On the afternoon of the 9th of May, Theresa May announced at a visit to a factory in Leeds that she would like to bring back fox hunting and to hold a vote in Parliament on this matter. A bid to win back votes or another example of a darker edge to the Conservative Party? To elucidate this point we need only look at the case of Elliot Johnson.


You might not have heard of Elliot Johnson, a 21-year-old Conservative Party activist who believed in the good of his party. You will have heard of Mark Clarke however, the so-called ‘Tatler Tory’ and a former Conservative parliamentary candidate. On the 21st of September, 2015 Clarke was named by Elliot Johnson as the reason for taking his own life.

Elliot Johnson was one of the thirteen victims Mark Clarke bullied whilst he was director of the Conservative Future organisation and Young Britons Foundation. The act of bullying is despicable enough without it coming from the ruling party of the United Kingdom, but what makes it worse is how the party reacted and communicated at the time of the incident.

Ray Johnson was reportedly told by the Conservative Party at the time of his son’s suicide that they would do everything they could to assist him through his period of mourning alongside the inevitable police investigation, due to Clarke’s implication.

Yet when the British Transport Police, the body of detectives charged with investigating this case, requested information from the Conservative Party in the form of a report, the Conservatives refused to hand it over in spite of the number of requests from detectives investigating the suicide.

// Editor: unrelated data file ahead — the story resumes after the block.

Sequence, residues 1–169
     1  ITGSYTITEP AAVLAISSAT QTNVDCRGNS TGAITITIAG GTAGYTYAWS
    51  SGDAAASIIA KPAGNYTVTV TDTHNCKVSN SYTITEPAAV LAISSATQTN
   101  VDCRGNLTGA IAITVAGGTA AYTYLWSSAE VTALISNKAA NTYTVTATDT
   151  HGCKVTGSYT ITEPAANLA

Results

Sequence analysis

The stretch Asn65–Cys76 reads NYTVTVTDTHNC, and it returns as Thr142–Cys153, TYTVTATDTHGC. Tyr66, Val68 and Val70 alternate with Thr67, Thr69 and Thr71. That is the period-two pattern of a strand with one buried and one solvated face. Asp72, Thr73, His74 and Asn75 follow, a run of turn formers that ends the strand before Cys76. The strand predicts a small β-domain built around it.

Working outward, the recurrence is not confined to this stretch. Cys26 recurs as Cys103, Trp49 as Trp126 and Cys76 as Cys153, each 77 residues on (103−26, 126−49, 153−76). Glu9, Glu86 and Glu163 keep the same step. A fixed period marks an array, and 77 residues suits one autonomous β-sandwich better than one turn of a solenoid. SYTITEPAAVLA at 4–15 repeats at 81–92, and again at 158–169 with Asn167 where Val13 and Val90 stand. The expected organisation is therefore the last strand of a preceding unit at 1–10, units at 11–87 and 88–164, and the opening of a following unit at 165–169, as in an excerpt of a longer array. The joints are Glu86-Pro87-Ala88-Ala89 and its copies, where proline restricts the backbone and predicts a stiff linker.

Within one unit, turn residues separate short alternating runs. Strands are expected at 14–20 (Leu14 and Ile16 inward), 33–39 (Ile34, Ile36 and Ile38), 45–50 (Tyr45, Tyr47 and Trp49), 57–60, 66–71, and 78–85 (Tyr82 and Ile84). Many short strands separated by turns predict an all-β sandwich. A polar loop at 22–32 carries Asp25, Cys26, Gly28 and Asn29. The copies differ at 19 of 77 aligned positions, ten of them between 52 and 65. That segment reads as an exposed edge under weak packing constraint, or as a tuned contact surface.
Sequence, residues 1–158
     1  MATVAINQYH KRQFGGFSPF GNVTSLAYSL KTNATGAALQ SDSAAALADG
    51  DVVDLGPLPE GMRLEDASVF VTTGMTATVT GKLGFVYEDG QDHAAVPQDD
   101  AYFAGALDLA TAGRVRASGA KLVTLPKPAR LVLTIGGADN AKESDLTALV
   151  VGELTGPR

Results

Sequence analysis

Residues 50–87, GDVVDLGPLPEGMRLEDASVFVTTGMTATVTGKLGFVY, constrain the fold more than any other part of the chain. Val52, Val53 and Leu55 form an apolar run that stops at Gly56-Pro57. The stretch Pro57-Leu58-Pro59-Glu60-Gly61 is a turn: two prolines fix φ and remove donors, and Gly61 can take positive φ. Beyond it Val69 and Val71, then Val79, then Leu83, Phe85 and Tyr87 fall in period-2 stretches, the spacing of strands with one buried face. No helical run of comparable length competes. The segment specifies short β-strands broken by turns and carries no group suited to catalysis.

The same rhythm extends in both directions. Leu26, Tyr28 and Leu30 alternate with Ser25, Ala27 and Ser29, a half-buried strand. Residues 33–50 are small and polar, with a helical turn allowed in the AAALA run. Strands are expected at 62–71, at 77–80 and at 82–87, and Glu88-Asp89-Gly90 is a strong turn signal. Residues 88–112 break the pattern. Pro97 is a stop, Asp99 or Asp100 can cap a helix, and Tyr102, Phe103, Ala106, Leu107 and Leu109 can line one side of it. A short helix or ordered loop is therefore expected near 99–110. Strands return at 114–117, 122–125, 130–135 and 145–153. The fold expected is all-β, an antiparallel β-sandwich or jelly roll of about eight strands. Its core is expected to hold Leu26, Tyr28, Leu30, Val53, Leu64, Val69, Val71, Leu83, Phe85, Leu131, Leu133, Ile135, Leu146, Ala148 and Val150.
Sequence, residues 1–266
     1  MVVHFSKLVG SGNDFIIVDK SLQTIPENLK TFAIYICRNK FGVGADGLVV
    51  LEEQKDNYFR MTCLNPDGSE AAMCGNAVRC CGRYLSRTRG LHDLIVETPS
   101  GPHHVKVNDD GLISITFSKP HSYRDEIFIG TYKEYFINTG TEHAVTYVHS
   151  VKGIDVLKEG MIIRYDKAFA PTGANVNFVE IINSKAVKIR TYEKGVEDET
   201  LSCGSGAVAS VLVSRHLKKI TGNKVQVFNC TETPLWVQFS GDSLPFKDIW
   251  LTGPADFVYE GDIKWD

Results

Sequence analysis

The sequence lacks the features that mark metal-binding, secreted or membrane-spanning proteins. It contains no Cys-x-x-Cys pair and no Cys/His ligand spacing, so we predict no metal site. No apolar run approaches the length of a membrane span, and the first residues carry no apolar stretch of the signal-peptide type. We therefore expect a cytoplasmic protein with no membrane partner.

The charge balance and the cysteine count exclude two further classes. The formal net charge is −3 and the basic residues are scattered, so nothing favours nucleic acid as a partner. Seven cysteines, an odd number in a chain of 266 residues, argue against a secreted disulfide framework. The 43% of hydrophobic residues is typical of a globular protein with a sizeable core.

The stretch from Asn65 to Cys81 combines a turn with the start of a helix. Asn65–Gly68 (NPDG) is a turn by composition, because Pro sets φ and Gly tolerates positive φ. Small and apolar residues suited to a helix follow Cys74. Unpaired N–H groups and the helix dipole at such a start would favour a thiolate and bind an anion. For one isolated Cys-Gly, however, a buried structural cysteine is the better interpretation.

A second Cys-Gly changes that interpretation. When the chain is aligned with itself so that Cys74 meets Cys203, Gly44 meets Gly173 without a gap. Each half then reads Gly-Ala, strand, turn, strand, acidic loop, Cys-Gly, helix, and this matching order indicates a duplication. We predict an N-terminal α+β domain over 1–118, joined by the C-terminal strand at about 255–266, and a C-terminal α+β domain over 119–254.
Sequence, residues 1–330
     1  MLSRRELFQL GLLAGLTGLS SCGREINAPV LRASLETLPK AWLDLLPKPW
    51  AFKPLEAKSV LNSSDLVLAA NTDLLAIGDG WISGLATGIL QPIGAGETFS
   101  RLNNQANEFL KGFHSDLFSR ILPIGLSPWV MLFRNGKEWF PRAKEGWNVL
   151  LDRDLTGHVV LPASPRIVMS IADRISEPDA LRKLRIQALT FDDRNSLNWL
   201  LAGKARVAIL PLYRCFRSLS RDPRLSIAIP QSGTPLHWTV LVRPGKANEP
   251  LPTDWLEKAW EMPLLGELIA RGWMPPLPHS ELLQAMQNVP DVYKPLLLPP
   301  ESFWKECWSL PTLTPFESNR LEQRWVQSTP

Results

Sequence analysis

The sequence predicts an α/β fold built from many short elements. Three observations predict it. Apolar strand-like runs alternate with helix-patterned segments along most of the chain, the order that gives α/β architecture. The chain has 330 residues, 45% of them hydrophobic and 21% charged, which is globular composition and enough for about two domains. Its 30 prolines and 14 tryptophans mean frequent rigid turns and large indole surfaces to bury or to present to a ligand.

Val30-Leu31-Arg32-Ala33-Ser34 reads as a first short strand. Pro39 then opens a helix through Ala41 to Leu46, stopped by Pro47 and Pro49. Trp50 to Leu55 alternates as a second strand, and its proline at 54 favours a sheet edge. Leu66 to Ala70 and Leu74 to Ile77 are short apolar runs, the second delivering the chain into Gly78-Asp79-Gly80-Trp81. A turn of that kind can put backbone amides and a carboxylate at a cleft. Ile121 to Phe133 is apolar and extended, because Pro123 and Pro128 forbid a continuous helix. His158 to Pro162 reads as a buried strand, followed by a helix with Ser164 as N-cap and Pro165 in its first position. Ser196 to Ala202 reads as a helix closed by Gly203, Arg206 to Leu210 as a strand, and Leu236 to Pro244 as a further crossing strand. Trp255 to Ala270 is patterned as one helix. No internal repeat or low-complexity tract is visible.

You might ask what this has to do with Theresa May and her election campaign? At the time of Elliot Johnson’s suicide Theresa May was Home Secretary, which under the definition of Home Secretary implies ‘overall responsibility for crime policy, counter-terrorism, immigration and passports’. The key words here being ‘crime policy’ which reflect the duty of the Home Secretary to actively engage with internal affairs issues.

Several questions then arise. What kind of Home Secretary would allow such bullying practices to thrive? and; what kind of party would allow thirteen of its junior activists to be bullied under its own roof by one of its own candidates? Crucially, is this the sort of party to which we want to relegate control over policies regarding the future of young people in this country if it treats those such as Elliot Johnson in  such an appalling manner?

This is not to say that every Conservative candidate is another Mark Clarke waiting to happen. Far from it. What is important to stress is that the Mark Clarke case should never have happened in the first place. For all the Conservatives’ talk of working for the next generation, it is important to remember that we should not abuse the current one.



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